Serving little over 4 million passengers per year, Belfast International airport provides remarkably good access services, further improved by the traditional Irish warmth.
Reduced Mobility Rights review of airport Terminals accessibility and assistance services for disabled passengers continues; on 31 January we visited Belfast International airport.
Second busiest airport on the island of Ireland after Dublin, Belfast airport is the largest airport in Northern Ireland, serving 4, 1 million passengers in 2011. In the same year, the airport provided assistance services to 31,969 disabled passengers.
The short flight from London Gatwick takes us to Belfast International in little over one hour.Upon entering the airport building, we meet Rod Haskins, Operations Manager at Belfast airport.
Rod fills us in with essential information about accessibility and access services at Belfast airport. The airport percentage of pre-notified assistance is 70%, 10/15% greater than most airports across the EU.
Awareness campaigns ran by the Consumer Council for Northern Ireland, and other associations have been helpful to inform the public about available services and pre-booking requirements, Rod explains.
Having completed security clearance ahead of time, we quickly get the access pass and head over to the PRM assistance desk where we meet Jonathan Shearer, OCS manager of PRM services.
OCS is a multinational private company providing access services on behalf of a growing number of airports across the UK.
With Rod and Jonathan, we exit the airport building to begin the accessibility assessment.
Although always advisable, pre-booking of Wheelchair Accessible Taxis is not strictly required. If not available at the Taxi stand, a WAV can be sourced with ease in a matter of minutes. A drop off bay for disabled passengers features a calling point from where the person can notify access agents if help is needed from that point.
Following an accessible path we make our way inside the main check-in hall. The Special Assistance desk is located opposite to the building entrance. The desk is manned at all time the airport is in operation. Disabled passengers can make use of the dedicated sitting area adjacent to the special assistance desk while access agents complete check in formalities on their behalf.
An IPad featuring a translator is available to non-English speaking disabled passengers to communicate with access agents. The device is also available to passengers with severe hearing impairment. Wheelchair assistance represents over 95% of all access requests at Belfast International airport.
Once check-in is complete, disabled passengers are making their way to the departures hall through a dedicated security checkpoint.
The well-known Irish warmth and openness are almost palpable as we browse through the airport building. It is far from uncommon to see airport employees interact with passengers, helping them irrespectively of their needs.
It comes to no surprise that Belfast International access services receive few complaints and a substantial number of praises.
Passed security PRMs have the option of waiting for their flights at one of the many eateries or be taken directly to the gate. Most chose the former option. Access agents join them again 10/15 minutes prior to embarkation to guide them to the gate.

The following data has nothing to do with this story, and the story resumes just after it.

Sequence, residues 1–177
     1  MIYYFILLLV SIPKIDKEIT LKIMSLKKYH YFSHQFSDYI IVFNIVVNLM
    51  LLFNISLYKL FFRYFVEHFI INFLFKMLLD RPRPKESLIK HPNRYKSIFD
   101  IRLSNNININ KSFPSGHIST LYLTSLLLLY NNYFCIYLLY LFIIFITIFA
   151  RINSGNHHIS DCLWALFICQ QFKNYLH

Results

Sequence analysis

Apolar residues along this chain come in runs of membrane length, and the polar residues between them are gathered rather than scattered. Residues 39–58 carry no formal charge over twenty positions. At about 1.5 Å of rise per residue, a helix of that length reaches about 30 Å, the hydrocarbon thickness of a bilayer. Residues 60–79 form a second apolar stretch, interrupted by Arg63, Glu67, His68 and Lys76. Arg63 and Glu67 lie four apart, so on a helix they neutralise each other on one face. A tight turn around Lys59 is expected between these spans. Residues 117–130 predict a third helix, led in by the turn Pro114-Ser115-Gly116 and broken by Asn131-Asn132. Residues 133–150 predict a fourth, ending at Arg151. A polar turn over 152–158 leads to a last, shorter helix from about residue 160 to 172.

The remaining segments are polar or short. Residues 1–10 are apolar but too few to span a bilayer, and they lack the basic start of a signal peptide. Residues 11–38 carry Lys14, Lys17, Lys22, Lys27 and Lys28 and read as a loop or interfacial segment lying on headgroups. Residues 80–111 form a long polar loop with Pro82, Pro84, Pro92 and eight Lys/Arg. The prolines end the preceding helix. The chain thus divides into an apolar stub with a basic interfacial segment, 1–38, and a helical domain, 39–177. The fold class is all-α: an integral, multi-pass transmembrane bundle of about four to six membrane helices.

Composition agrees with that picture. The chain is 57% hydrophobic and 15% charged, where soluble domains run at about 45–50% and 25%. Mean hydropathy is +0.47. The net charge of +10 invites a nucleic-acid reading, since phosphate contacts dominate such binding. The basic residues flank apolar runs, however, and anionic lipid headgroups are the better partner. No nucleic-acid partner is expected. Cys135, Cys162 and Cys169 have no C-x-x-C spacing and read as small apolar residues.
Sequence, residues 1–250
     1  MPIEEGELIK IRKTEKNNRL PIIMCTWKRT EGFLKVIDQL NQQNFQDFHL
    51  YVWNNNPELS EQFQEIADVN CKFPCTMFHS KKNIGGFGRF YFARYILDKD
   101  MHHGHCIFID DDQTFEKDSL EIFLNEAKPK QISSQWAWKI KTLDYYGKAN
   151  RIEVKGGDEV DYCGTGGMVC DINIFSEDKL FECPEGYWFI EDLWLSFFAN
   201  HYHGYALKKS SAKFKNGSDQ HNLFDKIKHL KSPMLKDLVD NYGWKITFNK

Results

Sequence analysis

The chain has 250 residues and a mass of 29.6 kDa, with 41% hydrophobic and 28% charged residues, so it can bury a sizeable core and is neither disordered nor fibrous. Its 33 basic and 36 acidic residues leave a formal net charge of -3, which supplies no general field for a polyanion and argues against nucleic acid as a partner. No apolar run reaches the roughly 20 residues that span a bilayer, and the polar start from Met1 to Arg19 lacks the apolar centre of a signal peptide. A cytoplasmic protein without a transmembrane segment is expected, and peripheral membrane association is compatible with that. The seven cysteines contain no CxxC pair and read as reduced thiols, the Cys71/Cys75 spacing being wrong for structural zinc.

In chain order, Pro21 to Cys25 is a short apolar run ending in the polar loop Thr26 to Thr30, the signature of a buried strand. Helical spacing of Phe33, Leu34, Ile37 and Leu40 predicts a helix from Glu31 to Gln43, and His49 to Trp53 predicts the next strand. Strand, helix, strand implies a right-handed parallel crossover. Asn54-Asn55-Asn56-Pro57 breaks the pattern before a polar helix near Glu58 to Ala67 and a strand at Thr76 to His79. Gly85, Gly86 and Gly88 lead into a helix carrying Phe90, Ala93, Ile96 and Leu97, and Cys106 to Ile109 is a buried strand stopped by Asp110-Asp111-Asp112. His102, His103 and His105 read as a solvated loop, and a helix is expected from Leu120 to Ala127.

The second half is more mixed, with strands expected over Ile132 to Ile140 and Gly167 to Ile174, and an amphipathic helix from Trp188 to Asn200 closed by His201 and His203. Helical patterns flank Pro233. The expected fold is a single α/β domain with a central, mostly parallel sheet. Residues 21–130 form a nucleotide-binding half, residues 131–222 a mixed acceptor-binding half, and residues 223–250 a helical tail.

Belfast International airport features a single airbridge. However, 3 ambulifts are available to assist passengers with severely reduced mobility board aircraft.
As we walk through the terminal building, we learn of a strange access request. U.S. regulations allow passengers to travel by air with support animals, primarily meant to provide emotional support to their respective owners. Some time ago a US bound passenger showed up at Belfast assistance desk asking for help with her support dog, a Chihuahua. Needless to say, the access agent barely concealed his bewilderment at the unusual request. As it turned out, the little dog was a specially trained epilepsy alert dog. These animals are able to alert their owners of the imminence of an attack at least 15 minutes before its occurrence.
From the departure gate, we go to arrivals and browse the terminal in the opposite direction. Every area of Belfast International is accessible. Where needed, elevators are available to PRMs. All toilets feature a clearly marked disabled facility. All gates feature specially designed waiting chairs reserved for disabled passengers.
At the end of our visit, we ask Rod Haskins if there is anything he would like to change or improve. “I would like mainstream passengers show some patience and understanding towards less able persons when clearing security checks or queuing for boarding," he says. “Kindness is free, and makes everybody's travel experience more enjoyable."
With minutes to spare before our flight, we rush to the gate. Midway through the departure hall we hear a person calling us. "Hey, aren't you flying to London? You are going the wrong way!” He is one of the agents we briefly met at the assistance desk. He points us in the right direction. As we tell him how grateful we are, he smiles. "No matter your need, we are here to help. Have a safe flight!"
About the author
Founder and Editor-in-Chief of Reduced Mobility Rights, Roberto Castiglioni is an expert of PRM regulations and handling procedures, and has personal experience as travelling partner and carer of a passenger with reduced mobility.
Roberto is a member of the Disability Working Group of the Civil Aviation Authority. He is also a member of the Easyjet Special Assistance Advisory Group. Chaired by David Blunkett MP, the independent advisory group esaag provides Easyjet with strategic guidance and practical advice on the evolving needs of passengers requiring special assistance.